VIGO COUNTY, Ind. WTWO/WAWV) – Summer months typically involve a lot of relaxing and vacationing for most, but it can also be the most deadly time of the year for teens.

According to the CDC, car crashes are the second leading cause of death in teens in the U.S.

Vigo County Sheriff John Plasse said that an average of over 2,000 teenagers were killed per year due to vehicle crashes between 2016 and 2020.

“642, or 31%, are during that 100-day deadliest days and that’s like seven deaths a day during the summer months which is a pretty big number nationwide if you look at that,” Sheriff Plasse said.

“100 Deadliest Days” is the period between Memorial Day and Labor Day where the number of teens involved in vehicle crashes or fatalities, increase significantly.

Sheriff Plasse said in Vigo County, there has been one juvenile-related fatality in Vigo County in the past five years.

However, that doesn’t mean there haven’t been any crashes involving younger drivers.

“Obviously they’re out of school, the summertime months kids are out, having fun in vehicles more often and that’s unfortunately when we have more accidents,” Sheriff Plasse said.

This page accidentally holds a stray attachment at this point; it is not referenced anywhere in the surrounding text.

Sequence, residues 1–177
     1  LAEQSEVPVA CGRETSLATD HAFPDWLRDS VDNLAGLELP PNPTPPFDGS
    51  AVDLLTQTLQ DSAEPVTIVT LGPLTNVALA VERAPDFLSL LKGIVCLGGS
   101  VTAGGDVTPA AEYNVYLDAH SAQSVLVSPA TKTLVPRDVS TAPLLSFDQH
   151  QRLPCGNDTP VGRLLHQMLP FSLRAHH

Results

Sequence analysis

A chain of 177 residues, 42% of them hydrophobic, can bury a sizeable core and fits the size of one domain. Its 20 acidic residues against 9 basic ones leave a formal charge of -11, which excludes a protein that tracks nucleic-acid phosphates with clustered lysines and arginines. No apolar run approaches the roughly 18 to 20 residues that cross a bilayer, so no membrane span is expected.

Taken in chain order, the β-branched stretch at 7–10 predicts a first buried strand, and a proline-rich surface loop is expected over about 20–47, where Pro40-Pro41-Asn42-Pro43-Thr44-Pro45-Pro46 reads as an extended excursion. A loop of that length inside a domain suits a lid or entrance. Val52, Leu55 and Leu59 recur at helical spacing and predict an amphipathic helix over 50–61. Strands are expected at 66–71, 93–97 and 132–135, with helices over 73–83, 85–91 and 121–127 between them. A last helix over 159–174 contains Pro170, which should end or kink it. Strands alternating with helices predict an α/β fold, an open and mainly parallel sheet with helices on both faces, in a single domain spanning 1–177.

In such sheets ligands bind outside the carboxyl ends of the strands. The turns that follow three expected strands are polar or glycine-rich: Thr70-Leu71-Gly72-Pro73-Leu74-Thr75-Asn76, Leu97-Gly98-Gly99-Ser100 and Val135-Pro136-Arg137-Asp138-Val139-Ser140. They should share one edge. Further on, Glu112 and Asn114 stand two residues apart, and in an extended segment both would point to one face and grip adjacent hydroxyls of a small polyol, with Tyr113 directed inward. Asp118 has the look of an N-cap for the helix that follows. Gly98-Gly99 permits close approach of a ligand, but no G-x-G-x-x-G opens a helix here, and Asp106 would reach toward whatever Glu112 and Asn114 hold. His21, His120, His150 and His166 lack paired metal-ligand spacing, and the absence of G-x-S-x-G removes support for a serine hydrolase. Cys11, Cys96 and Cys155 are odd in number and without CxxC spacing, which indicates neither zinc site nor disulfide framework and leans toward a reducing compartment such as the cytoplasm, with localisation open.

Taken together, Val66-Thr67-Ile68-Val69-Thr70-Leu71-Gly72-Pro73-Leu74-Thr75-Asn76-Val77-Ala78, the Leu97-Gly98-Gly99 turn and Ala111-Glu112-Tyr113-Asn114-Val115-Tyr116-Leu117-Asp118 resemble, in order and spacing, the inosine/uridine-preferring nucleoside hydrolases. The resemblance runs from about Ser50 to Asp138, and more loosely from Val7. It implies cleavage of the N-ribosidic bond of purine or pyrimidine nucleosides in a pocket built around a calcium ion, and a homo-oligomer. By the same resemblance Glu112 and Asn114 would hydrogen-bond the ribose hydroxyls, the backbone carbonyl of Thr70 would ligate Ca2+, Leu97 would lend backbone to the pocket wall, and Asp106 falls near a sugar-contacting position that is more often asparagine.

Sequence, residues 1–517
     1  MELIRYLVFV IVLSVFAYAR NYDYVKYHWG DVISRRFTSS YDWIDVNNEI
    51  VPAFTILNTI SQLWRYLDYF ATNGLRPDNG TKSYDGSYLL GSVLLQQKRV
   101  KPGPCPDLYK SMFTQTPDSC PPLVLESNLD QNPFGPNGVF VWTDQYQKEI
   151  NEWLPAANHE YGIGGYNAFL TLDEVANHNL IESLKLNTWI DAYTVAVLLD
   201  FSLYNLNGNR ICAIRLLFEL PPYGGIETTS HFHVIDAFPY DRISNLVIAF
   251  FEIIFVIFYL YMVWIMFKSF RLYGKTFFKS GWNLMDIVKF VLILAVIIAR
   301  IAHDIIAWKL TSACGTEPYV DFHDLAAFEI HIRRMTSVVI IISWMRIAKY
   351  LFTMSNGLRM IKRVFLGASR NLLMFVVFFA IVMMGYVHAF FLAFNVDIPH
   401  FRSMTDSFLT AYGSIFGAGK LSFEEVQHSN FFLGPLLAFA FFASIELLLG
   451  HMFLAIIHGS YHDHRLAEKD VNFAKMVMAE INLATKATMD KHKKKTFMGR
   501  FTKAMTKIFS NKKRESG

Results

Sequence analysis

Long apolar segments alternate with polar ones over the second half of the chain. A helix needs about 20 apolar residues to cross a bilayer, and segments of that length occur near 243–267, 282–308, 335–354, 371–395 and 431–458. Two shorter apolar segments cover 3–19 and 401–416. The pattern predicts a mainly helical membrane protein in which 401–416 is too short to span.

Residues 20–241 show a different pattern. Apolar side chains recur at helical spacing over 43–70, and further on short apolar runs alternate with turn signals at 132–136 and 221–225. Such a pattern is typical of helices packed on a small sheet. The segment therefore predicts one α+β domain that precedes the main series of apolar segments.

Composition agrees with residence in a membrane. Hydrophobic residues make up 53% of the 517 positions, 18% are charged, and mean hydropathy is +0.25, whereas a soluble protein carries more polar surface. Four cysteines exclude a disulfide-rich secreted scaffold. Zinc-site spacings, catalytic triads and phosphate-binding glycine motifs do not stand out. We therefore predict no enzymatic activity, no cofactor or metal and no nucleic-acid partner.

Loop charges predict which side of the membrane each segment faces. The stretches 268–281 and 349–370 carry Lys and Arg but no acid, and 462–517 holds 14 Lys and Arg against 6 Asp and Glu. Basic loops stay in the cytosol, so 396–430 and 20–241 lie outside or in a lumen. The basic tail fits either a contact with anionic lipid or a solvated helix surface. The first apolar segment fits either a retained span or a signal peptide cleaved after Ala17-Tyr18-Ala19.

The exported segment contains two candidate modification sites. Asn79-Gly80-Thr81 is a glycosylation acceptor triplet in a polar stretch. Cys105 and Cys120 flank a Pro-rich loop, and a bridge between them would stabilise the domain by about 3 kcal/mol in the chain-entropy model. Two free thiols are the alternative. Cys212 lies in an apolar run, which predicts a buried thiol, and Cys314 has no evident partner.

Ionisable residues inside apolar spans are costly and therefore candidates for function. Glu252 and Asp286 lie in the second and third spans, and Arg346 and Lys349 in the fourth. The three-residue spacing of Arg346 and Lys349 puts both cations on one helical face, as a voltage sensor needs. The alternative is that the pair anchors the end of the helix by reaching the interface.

According to the 2020 Crash Facts Report from the Indiana University Public Policy Institute, more than 90 out of every 1,000 licensed drivers ages 15-20 were involved in crashes in Vigo County.

The average for the entire state of Indiana was more than 77 drivers in the same age group.

Whether it was caused by speeding, or not paying attention and looking at your phone, Sheriff Plasse said it all starts at home and parents leading by example.

“We can tell them you know, don’t text and drive, don’t speed, but if we’re driving with our kids and we’re texting or speeding, we’re doing the exact opposite of what we’re telling them to do and there’s not a lot of faith in what we’re saying if we’re not doing it ourselves,” Sheriff Plasse said.

Tom Simmons, the Owner of Simmons Driving School in Terre Haute, said the students they currently have, have likely never known a world without a cellphone.

With the hands-free law that went into effect in Indiana in July of 2020, he said the curriculum has stayed the same, but instructors have had to change how they teach.

“Another way that we’ve changed is we’ve been very specific on talking about different scenarios, giving different stories and relating those things to the kids where here’s an individual who didn’t do the right thing, and this is the negative result,” Simmons said.

Simmons said instructors have put a lot more emphasis on keeping everything out of your hands, except for the steering wheel, because of the hands-free law in Indiana.

For any young driver hitting the road this summer, Simmons has this piece of advice.

“You were created for a purpose. If you do these things that are illegal, and you do these things that put you or another life in jeopardy, that thing that you were created to do is going to be lost. And the world is going to be less than it should be because you did something silly,” Simmons said.